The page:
In the lingo of plant taxonomy, pink or "dwarf" flowering almond bush is called Prunus glandulosa 'Rosea Plena.' The cultivar name breaks down as 'Rosea,' meaning "pink," and 'Plena,' meaning "full" or "double." This name thus tells you two things about the flowers: their color is pink, and they are double flowers. A synonymous -- but less helpful -- cultivar name is 'Sinensis.'
Botanically speaking, pink flowering almond is a multi-stemmed, deciduous shrub.
What Does It Look Like? Is It Truly a Dwarf?
With a common name like "dwarf flowering almond," the gardener tends to assume a small size. Listings for its height vary greatly, however. Some sources claim a figure of 3 feet at the bottom of its height range; others say it will reach 4 to 5 feet. That is not huge, but it is not tiny, either. Through faithful pruning, however, it is surely possible to keep its dimensions at approximately 3" x 3".
This dwarf shrub is grown for one reason, and one reason alone: its profusion of double pink flowers (or, occasionally, white blossoms) when it blooms in mid-spring. The flowers appear before any leaves grace the branches.
Where Does It Grow?
Grow pink flowering almond bushes in full sun and in a well-drained soil.
Care for Dwarf Flowering Almond Bush
The shrub's branches are notoriously weak, so be careful when handling the plant (many a gardener has accidentally broken off a branch when transplanting). Provide your plant with artificial irrigation during dry periods until it has had time to become established (after which it will resist drought well).
If one had to pick just a single aspect of plant care to focus on here, it would be pruning. Flowering almond can become messy-looking if left to its own devices for too long; suckering can also be a problem. So yearly pruning is advisable.
- When To Prune: Just after blooming is over (since it is a shrub that flowers on old wood).
- How to Prune: With an eye to shaping your plant, prune any branch that is too tall, just above a set of leaves (plus remove dead wood or branches rubbing against each other). Err on the side of pruning off too much rather than too little (you will not hurt this shrub by giving it a severe pruning).
- Pruning for Damage: Should your shrub ever be damaged, simply cut the branches right down to ground level to rejuvenate it. Future blooming will be delayed, but the plant will eventually come back as good as ever.
Plants in this genus are susceptible to a host of problems. Borers often tunnel into them before you are even aware of damage; in what seems like just the blink of an eye, a healthy shrub turns into a dead one. At least aphids and many other insect pests are more readily spotted; spray with Neem oil when you detect them.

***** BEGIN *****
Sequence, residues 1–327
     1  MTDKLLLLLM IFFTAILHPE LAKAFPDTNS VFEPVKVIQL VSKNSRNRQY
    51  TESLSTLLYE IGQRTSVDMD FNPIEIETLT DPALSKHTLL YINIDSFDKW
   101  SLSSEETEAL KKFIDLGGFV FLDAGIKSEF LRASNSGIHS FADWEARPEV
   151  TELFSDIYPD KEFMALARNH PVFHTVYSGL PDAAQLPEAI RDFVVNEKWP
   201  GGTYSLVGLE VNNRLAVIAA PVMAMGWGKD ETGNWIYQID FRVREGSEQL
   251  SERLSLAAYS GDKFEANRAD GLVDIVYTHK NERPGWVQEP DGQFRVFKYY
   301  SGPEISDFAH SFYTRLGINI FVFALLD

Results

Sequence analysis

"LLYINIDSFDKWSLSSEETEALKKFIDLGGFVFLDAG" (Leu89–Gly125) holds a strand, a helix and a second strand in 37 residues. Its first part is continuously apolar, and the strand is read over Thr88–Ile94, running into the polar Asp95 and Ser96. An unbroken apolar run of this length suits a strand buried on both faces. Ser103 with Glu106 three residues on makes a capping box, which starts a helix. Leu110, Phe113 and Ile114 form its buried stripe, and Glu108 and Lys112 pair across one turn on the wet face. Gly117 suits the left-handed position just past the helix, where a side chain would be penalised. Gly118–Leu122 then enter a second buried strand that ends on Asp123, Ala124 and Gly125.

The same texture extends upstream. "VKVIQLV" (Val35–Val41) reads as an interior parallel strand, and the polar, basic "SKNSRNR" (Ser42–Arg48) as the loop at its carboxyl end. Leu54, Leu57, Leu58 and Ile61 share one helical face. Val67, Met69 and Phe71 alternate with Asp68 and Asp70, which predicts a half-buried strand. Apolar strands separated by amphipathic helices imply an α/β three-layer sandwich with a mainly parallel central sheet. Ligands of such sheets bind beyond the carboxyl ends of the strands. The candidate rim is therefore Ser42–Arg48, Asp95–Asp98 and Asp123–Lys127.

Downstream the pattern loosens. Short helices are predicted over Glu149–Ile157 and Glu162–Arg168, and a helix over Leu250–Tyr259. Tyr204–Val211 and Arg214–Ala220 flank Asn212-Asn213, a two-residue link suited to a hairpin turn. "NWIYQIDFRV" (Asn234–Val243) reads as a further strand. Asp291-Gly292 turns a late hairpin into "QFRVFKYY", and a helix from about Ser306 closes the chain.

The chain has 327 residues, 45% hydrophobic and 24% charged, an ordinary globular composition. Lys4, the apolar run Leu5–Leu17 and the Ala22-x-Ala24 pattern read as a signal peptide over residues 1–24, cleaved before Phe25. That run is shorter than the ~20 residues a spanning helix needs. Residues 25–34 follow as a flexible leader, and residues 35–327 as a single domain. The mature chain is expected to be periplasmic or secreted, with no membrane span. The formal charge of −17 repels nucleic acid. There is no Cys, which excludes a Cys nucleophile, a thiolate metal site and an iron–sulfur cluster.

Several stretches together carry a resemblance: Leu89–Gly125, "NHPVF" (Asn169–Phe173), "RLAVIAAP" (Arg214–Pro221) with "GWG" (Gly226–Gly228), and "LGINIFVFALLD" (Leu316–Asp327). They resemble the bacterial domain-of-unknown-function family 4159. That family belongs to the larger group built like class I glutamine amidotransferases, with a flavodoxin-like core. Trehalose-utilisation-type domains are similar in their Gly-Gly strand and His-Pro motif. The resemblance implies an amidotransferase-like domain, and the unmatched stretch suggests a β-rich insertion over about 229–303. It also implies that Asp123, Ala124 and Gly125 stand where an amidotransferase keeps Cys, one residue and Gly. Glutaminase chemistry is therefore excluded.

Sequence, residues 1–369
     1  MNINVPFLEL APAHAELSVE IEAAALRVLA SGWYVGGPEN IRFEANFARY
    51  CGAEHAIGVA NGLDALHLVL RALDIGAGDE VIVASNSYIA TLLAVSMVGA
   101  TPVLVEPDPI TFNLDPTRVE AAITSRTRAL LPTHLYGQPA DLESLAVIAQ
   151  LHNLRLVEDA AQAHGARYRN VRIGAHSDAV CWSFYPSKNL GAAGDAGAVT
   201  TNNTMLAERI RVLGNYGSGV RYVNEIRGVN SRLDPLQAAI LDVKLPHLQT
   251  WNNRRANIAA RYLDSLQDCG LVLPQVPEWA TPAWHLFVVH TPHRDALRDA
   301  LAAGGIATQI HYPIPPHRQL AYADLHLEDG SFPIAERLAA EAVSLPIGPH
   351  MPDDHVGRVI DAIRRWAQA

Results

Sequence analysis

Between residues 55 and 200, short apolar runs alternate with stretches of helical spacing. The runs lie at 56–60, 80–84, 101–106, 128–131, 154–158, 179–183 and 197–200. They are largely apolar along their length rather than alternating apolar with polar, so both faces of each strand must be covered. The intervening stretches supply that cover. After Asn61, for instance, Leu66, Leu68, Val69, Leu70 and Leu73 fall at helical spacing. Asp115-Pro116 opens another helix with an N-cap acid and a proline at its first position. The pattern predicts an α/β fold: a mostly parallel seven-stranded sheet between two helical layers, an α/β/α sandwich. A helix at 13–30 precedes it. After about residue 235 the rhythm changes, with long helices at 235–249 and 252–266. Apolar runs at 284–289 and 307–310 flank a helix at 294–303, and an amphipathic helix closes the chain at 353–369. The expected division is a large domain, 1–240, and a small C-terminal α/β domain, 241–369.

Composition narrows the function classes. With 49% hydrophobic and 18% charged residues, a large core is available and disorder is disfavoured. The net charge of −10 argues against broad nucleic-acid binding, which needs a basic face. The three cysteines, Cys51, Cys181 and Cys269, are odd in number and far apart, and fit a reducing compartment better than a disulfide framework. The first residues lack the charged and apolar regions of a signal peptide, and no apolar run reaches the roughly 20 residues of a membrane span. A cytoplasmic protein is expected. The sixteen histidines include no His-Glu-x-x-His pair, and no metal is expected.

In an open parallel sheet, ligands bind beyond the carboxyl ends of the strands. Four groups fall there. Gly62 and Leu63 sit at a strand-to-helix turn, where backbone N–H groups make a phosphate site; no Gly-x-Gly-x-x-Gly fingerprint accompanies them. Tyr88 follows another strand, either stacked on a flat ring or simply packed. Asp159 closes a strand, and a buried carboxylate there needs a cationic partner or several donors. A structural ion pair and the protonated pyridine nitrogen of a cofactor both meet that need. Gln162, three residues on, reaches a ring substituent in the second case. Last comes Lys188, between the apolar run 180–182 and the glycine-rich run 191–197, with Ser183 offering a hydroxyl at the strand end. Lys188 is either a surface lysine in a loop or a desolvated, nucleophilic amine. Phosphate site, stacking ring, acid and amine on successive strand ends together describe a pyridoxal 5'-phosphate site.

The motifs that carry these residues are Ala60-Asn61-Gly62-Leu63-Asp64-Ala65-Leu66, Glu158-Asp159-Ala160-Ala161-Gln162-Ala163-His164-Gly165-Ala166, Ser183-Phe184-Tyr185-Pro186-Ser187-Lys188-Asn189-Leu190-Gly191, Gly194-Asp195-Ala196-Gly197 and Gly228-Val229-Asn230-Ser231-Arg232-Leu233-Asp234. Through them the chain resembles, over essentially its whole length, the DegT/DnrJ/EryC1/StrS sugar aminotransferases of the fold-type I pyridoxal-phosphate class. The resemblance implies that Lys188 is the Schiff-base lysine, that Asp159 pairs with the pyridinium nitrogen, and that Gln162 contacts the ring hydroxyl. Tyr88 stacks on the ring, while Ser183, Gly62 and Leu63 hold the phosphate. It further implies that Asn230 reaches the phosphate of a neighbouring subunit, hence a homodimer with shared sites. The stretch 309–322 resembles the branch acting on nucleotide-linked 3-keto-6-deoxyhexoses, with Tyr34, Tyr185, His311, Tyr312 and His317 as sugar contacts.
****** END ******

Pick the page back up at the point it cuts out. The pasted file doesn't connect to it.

On a positive note, according to Texas A&M, gardeners in the South value flowering almond because "this shrub requires only a very short period of chilling to induce flowering."
Does It Produce Edible Almonds?
In a word, no. The plant that bears the well-known almond nuts is Prunus dulcis, a tree native to parts of the Mediterranean region. It is taller (up to 15 feet) and less cold-hardy (only to zone 7).
Does Prunus Have Anything to Do With Prunes?
Speaking of edibility, you may wonder if the genus name, Prunus has anything to do with prunes. In fact, it does. The Prunus genus contains such well-known edibles as not only almonds and their close relatives, the peaches, but also cherries, apricots, plums, and nectarines. We use the term, "prunes" to indicate the (mainly dried) fruit from particular types of plum trees. There are many kinds of Prunus that serve ornamental purposes, as well (besides flowering almond), such as the varieties of weeping cherry trees that grace spring landscapes.
Prunus is a genus in the diverse rose family, which covers a lot more than just rose bushes. In addition to all the fruit trees just mentioned (to which we can add apple trees), there are many members of this family that non-gardeners have probably never associated with roses, including:
Other Types of Flowering Almonds
The subject of this article has been the dwarf flowering almond with pink flowers, but there are other types, as well:
- P. glandulosa 'Alba Plena' is the white version.
- P. glandulosa 'Alba' is also white, but with single, rather than double flowers
- P. triloba is a taller plant, capable of reaching 15 feet tall. It is thus sometimes called a "tree."
Uses in Landscaping, Assessment of Plant's Value
Although flowering almond is a popular plant, it is not universally loved. Michael Dirr assesses it as having "essentially no redeeming characteristics other than its double, rose-pink flowers," adding that once the flowers are gone, "the plant is so bland it practically disappears until the next flowering season."
While this is a fair assessment as far as it goes, the same argument could be used against a number of other outstanding performers in the spring yard, including:
Therefore, the value you attach to this shrub largely comes down to how you answer the following question: Does a plant have to possess multi-season interest to warrant growing it, or is a spectacular display during one season enough to justify using it? Your answer may depend, in part, on the size of your yard. Those with small yards may find it difficult to justify growing a one-hit wonder, feeling that, to make optimal use of the space available, they need to grow a plant with visual interest spread across more than one season. By contrast, those with larger yards have the luxury of splurging on a bush such as flowering almond, because they have the space to grow numerous other plants to take up the slack when flowering almond "disappears," as Dirr puts it.
Flowering almond does, in fact, have at least two other selling points:
The most common ways to use dwarf flowering almond bushes are as hedges or as specimen plants for springtime.